Nursing education in Slovenia and its impact
on nurses publishing in their professional journal
Ema Dornika *
, Gaj Vidmara 1
, Maja Z
University of Ljubljana, Faculty of Medicine, Institute of Biomedical Informatics, Vrazov trg 2, SI-1000 Ljubljana, Slovenia
Department of Library and Information Science and Book Studies, University of Ljubljana, Faculty of Arts, Askercˇeva 2, SI-1000 Ljubljana, Slovenia
Accepted 5 January 2005
Summary The paper describes development of nursing education in Slovenia (from Associate Degree to Diploma level, with BSN programme of brief duration) and discusses its impact on structure and contents of the Journal of the Slovenian Nursing Association (JSNA). Extensive bibliometric analysis was performed on all scientific and technical papers published in the JSNA between 1976 and 2001. Sta-tistical analyses were carried out to study characteristics and inter-relations of authorship, article type, cited references and subject classification. A positive impact of improved and extended education of nurses on quantity and quality of their publications was confirmed. Nevertheless, further steps in terms of educa-tion and research are needed fully to establish nursing as an independent profes-sion in Slovenia, and there is still much room for improving the standard of the articles in the JSNA.c 2005 Elsevier Ltd. All rights reserved.
KEYWORDS Nursing education; Periodicals; Bibliometrics; Slovenia
Nursing education and the nursing
Several researchers have studied image and self-concept of nurses. Kalisch and Kalisch (1988) studied nurse image in the media and found it to be subordinate to doctors (MDs) or receded into the background of events. In Slovenia, Pahor (1988, 1989) found that the role of nurse in the
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* Corresponding author. Tel.: +386 1 5437778; fax: +386 1 5437771.
E-mail addresses: email@example.com (E. Dornik),
firstname.lastname@example.org(G. Vidmar),email@example.com (M. Zˇumer). 1 Tel.: +386 1 5437783. 2 Tel.: +386 1 2411374. intl.elsevierhealth.com/journals/nedt
health-care system is marginal compared to the MD, which blocks nurses’ potential, impedes com-munication and causes conflicts. She argues that in our country, a gap has opened up over the last decades between nurses’ education and their work, since higher education extends capabilities more than work experience. Nurses with a diploma or university degree demonstrated better compe-tence than their less educated colleagues, even though the latter had more work experience on average. Higher education also correlated with better conceptualisation ability, emotional stabil-ity, positive self-concept, positive expectations, independence and reflective thinking, as well as willingness to help and ability to influence and train co-workers. Focusing on the MD–nurse relation-ship, she argues that there is a long history of MDs’ dominance and nurses’ subordination based on class and gender discrimination.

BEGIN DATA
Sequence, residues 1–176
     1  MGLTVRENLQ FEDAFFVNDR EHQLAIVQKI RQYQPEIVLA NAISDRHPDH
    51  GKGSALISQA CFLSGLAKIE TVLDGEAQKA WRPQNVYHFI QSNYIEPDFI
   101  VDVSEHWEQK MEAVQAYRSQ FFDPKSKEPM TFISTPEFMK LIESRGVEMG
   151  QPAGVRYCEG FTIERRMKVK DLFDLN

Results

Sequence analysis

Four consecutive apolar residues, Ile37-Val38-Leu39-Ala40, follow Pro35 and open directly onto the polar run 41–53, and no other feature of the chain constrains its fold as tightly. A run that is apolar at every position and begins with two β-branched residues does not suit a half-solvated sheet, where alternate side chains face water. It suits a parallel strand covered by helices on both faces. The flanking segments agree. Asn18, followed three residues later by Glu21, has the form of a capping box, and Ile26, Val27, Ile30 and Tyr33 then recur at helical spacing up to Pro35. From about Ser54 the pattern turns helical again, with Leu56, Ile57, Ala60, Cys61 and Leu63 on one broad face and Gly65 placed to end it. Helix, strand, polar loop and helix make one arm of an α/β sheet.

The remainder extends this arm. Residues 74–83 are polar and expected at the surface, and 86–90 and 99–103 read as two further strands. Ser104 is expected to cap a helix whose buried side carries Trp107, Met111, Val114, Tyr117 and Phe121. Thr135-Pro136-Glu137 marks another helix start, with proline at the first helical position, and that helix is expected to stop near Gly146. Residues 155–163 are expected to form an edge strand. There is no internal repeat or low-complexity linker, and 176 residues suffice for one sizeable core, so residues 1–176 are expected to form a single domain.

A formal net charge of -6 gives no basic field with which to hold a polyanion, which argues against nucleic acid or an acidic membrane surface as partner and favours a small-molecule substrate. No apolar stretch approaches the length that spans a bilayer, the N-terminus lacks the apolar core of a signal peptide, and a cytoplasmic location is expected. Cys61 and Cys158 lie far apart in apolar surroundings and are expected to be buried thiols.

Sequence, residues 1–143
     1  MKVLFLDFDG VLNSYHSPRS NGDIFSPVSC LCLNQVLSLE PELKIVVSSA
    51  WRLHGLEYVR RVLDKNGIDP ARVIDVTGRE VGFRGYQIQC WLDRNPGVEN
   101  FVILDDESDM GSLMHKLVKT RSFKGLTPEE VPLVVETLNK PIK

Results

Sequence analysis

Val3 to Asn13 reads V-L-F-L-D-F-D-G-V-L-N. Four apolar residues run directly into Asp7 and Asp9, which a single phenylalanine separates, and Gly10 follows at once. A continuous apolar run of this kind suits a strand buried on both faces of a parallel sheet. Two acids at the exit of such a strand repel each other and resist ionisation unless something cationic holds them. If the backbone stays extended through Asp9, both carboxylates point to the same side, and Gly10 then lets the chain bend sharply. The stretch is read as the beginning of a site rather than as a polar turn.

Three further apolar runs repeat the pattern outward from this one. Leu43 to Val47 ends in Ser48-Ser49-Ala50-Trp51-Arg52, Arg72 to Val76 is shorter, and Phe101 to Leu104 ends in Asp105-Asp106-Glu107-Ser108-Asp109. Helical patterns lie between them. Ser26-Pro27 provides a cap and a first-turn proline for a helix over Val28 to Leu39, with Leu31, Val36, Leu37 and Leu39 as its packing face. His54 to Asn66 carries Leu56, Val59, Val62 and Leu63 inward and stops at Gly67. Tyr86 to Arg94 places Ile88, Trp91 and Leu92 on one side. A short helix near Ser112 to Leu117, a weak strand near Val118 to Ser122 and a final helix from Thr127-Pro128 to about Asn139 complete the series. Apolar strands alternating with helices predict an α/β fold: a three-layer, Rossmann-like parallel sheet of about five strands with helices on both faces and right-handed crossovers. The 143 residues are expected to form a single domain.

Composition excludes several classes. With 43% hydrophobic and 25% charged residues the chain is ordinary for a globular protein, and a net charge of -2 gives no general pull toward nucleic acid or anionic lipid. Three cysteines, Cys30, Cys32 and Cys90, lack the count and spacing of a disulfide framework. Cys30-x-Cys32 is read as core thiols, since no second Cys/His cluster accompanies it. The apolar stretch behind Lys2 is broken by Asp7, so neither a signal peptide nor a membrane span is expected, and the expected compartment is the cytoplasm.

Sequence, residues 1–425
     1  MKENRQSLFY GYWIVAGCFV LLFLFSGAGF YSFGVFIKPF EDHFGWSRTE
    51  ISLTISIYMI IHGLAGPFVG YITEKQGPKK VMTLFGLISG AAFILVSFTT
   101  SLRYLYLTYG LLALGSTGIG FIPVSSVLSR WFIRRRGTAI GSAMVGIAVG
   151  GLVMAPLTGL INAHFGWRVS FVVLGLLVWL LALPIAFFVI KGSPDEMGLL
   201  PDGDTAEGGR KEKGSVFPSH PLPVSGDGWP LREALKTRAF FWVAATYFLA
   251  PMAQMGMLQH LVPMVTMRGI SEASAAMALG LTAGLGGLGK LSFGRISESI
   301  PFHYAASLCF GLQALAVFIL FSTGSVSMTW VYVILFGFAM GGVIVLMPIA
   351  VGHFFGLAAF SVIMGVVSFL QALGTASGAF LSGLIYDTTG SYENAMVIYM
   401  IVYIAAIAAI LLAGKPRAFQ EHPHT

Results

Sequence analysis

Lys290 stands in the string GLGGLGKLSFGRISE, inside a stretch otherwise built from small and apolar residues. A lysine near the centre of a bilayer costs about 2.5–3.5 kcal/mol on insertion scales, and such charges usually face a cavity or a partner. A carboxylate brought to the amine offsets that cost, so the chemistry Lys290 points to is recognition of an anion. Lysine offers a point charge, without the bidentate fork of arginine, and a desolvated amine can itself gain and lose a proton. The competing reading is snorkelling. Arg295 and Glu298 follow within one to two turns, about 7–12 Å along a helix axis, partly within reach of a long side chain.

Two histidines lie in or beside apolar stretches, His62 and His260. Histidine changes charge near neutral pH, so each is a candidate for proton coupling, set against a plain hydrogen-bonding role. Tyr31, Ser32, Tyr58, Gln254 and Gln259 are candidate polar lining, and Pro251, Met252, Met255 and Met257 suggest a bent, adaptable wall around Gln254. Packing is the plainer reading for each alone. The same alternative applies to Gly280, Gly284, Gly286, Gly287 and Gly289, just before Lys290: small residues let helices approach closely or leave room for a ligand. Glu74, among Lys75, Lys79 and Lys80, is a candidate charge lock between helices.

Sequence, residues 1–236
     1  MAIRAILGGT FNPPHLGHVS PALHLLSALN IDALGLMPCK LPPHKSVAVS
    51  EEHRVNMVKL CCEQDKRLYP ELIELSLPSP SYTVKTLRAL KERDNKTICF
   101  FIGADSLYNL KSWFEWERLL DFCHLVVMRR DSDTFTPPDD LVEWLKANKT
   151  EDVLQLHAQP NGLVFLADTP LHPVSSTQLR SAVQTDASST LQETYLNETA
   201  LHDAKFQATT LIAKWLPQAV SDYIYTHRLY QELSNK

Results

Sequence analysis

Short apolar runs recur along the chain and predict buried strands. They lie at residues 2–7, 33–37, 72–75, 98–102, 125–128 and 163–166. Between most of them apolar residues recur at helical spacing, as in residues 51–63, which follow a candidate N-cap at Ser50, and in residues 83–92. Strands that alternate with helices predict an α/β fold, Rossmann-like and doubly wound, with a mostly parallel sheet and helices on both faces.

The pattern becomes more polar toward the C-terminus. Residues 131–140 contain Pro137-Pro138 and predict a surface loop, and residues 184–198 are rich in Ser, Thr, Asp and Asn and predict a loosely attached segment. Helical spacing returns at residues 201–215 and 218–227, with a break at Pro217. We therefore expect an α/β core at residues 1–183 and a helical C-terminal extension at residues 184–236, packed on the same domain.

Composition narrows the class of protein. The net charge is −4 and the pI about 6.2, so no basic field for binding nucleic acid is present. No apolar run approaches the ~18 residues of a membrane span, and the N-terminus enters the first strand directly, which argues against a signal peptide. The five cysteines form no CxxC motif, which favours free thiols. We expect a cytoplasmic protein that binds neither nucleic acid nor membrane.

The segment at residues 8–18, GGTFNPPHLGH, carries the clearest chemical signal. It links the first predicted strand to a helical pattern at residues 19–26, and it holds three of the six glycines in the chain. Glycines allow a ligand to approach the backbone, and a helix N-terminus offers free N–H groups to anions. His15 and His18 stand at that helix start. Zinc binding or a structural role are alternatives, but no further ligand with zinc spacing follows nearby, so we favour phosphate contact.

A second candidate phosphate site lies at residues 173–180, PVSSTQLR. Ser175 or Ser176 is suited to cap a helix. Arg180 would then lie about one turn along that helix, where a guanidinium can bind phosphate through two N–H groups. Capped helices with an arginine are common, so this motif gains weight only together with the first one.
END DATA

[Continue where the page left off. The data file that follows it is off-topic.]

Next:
Witt (1992)investigated the influence of nursing education on nurses’ self-concept and found uni-versity level study to encourage better self-image, autonomy, higher self-esteem and more respect for others. Similarly, a study comparing BA (4-year) and AD (Associate Degree – 2-year) nursing stu-dents in Ljubljana (Dornik, 1997) confirmed higher average self-esteem in the BA group. The sample consisted of 118 students in Health Education (HE – BA level) or Nursing (AD level) in the academic year 1996/1997, which represented 50.4% of the total enrolled population. Compared to their Nurs-ing peers, the HE programme students were more optimistic regarding their future and their ability to introduce improvements into the health-care system, while they pictured themselves more eas-ily as leaders. The HE students defined professional success mainly as research and teaching at univer-sity level while Nursing students aspired to team leadership in hospital setting, which speaks in fa-vour of positive effects of university level educa-tion on nurses’ self-concept.